Artsy, College

Cream, Sugar, and Love (Hannah Drinks Coffee Now)

Last week I was sitting in the library and my phone buzzed. It was a text from Hann. Several texts, actually. This is what they said:

Sept. 24, 11:13am: Found a new coffee cart.
Sept. 24, 11:13am: Vanilla-hazelnut flavor
Sept. 24, 11:14am: Styrofoam cups which isn’t my favorite aesthetic
Sept. 24, 11:14am: But this shit is good

I read the texts and smiled. Then I sent this back: Ya know, I think I could write a memoir about your transformation into a coffee drinker. I have that much detail.

And it’s true. I’ve been getting texts like this for months now. I could have a whole chapter about Hann’s preference for plastic over Styrofoam cups. I can see it now; Chapter Three: The Issue of Aesthetic. I realized just how mundane this topic was, but I was loving the conversation.

I still remember the moment it all began, (mostly because I had no fucking idea how much more I was going to hear on the subject for the next six months at the time). Hann and I were having one of our regular Sunday-Night-Study-Abroad-Facetime sessions, sitting in our beds in our respective countries, pretending those beds were about 18 inches apart. (They are now. It’s not as fun as we thought it’d be.) At the time I was drinking a lot of tea, because that’s what the Irish did. All of a sudden Hannah’s face lit up on my little iPhone screen.

“Oh yeah, Jules, I’ve been drinking coffee here! It’s like, a little bit of espresso and then a shit ton of cream, but it’s really good. I like it. I think I like coffee now.”

I remember being happy for her. We’d been exhausted college students for two and a half years at that point, and were living in the hell of needing some sort of caffeine but also being total wimps about coffee. We considered just hooking up an IV to get it into our systems in the morning, but I really don’t like needles so that didn’t work out.

Hann had been on a mission to like coffee for probably a year. We’d stop by the Dunkin’ Donuts on campus on a Sunday, and as we walked away she’d take her first sip, grimace, and say something along the lines of, “oof, yup, definitely still haven’t gotten my order right.” Sometimes it was too bitter, sometimes it was a punch in the face of caramel swirl. The girl couldn’t win.

Now we’re back in America, and Hannah is officially a coffee drinker. Holy shit, is she a coffee drinker. Her summer essentially consisted of three activities: marathon bike rides, putting sunscreen on my shoulders at the beach, and going to this place in Newmarket to get an iced coffee. We took our fair share of road trips this summer all over New Hampshire, and we probably had this conversation before each one.

Hann: “Hey Jules, is the Shack on the way to where we’re going?”

Julie: “Uh, no.”

Hann: “Oh. Wanna go anyway?”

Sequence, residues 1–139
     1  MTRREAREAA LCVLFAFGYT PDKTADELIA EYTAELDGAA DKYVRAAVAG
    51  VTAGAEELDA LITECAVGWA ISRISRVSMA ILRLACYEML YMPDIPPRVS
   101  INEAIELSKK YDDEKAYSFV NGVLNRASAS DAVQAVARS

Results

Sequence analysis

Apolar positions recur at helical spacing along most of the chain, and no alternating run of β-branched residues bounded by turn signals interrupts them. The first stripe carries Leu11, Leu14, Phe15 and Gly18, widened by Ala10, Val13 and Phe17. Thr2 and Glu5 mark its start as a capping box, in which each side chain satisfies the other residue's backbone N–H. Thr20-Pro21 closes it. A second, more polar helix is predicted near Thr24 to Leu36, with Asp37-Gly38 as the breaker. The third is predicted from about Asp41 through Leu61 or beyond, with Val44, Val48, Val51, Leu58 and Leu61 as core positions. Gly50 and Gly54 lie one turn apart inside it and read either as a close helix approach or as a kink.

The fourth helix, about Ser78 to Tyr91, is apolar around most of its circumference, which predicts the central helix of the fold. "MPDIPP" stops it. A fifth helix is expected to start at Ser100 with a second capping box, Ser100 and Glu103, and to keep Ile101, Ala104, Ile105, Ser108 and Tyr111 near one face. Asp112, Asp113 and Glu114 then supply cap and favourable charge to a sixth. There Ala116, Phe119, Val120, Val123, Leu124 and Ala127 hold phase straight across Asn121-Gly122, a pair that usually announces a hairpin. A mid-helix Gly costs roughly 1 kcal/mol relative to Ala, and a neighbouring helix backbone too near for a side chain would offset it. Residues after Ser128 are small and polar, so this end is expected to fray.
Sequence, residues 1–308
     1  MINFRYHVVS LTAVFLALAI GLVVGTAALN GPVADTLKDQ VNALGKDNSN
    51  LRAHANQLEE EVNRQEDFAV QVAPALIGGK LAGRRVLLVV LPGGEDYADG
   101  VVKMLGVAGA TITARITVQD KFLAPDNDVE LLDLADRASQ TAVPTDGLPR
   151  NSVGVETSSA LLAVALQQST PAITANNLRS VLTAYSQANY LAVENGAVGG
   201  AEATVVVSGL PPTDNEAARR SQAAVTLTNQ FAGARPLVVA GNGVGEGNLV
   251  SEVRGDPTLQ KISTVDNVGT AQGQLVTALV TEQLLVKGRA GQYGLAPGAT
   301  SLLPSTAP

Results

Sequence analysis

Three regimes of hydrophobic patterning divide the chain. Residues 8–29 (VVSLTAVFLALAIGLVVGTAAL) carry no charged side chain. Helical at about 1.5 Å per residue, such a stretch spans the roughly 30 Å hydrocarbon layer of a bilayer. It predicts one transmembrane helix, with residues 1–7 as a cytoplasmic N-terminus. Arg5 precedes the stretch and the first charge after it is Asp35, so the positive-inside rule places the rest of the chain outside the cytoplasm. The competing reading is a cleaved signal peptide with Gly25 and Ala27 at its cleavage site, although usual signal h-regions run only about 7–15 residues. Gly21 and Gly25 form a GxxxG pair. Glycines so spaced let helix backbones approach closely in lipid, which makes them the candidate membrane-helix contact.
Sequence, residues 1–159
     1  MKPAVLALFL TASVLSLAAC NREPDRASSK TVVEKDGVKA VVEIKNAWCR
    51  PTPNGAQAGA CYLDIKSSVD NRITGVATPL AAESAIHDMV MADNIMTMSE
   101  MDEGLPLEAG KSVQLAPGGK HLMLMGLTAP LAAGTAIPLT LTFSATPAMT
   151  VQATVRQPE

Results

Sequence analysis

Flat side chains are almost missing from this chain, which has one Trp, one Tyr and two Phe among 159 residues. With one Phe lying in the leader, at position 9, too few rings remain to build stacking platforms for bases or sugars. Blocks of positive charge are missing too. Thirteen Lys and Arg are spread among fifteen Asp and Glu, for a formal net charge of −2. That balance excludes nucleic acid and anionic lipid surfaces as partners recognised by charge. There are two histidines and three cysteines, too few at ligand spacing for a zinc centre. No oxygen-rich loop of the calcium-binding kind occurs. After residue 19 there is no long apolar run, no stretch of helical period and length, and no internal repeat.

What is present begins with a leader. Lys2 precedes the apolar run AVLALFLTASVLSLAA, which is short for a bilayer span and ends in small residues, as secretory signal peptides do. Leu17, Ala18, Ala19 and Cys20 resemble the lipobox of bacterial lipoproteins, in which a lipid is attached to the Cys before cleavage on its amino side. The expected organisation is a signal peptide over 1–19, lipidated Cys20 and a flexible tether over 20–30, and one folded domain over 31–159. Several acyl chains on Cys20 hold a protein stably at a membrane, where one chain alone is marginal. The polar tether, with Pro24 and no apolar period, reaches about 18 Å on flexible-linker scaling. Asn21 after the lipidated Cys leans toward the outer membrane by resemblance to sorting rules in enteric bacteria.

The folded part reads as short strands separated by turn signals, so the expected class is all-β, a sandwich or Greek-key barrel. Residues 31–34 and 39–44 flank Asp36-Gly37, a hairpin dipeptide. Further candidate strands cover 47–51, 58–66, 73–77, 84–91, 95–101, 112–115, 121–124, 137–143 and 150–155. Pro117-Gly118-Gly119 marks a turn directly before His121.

Julie: “Sure.”

She tried local cafes and coffee carts all over the seacoast region, basically. And I got a text-by-text update for every single coffee. Seriously. Every one. At this point I’ve compiled all the data into a concise summary, which is as follows.

There’s this one place on campus that everyone really likes but she’s not into it because you have to add your own milk and sugar and she always screws it up. (Still a newb at heart). She refuses to even go to this other place because the cups are Styrofoam and ugly. (Aesthetic is key, apparently). She’s into the coffee cart with the Jesus quotes all over it, but the key there is asking for “a pinch of sugar.” And, just last week, she tried this other cart for the first time. And I got a text play-by-play: Vanilla Hazelnut flavor. Milk and a little sugar. Really good, despite Styrofoam cups. (Nothing can be perfect, I guess. Except the Shack.)

I made fun of her as the texts rolled in, but the truth is, I love hearing about Hannah’s coffee endeavors. I love giving her shit for describing them to me in such detail. Maybe it’s because we spend so much time together every day, and we’re running out of novel things to talk about. (Living in a tiny room with someone for close to four years does that to you.) But I think it’s also because she’s just my favorite.

In a similar vain, one night during our sophomore year I was sitting across from Andie, one of my other best friends, in the dining hall. She was staring intently at her iPhone and fretting about whether or not to upgrade to the new iOS thing, or whatever. I sat and watched her with my chin in my palm and thought, if this was anyone else, I really wouldn’t give a shit. Who the hell cares about what anyone’s phone is doing but their own? But I love Andie. She’s one of my favorite people, and in that moment I cared deeply about whether or not she was going to update her phone and the ramifications of such a decision. I think that’s how you know when you when you’ve found the people you love.

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Artsy, College

It Doesn’t Have To Be Heavy

We’re heading towards the one-month semester marker, and this is where I usually start to get overwhelmed. I am overwhelmed. Is everybody overwhelmed? It seems like everyone I run into on campus is always just slightly out of breath. Hey, how are you? I’m great, SO busy though. Let’s get coffee sometime if I’m not crushed to death by the number of things I need to get done in the next 24 hours, shall we?

Last night I sat in front of my computer and stared at this Word document for close to three hours. By the end, I had exactly one line that I liked. (“I want to read The Economist, but I don’t want to be a douche about it.”) As a writer I’ve come to accept that this is just something that happens sometimes—words don’t work for a day or two and it makes you want to pull your hair out, but against all odds you’re having a good hair day, so you don’t. I got home to our apartment around 12:30 and just held my own head for a few minutes. My body ached, most of my assignments for the next morning still weren’t done, and I was never going to write anything good again, probably.

Julie had left our desk lamp on for me in our room. She always does when I’m out late. (As a side note, our beds are about a foot away from each other—and I say that as a fact, not a figure of speech. We have a rule that whoever is actively changing their clothes has the right of way, and the other person needs to get the fuck out of the between-bed aisle. It’s worked out pretty well so far.)

Jules was sleeping when I got home, with her face tucked so far beneath her quilted comforter that all I could see was her hair against her pillow. I tried to change quietly—I had the right of way after all, with no obstructions—but Jules woke up and peeked out from underneath her quilt. She asked me how the ‘brary was, I said it was good. I shut off the light and we said goodnight.


I’ve been thinking a lot about what I’m doing here. In my tiny twinkly apartment, in my lofty seminar literature classes, in afternoon meetings with tennis co-captains that always run long. This year feels different somehow—in a good way, I think. One foot here, one foot where I’m headed, but both feet more grounded than before.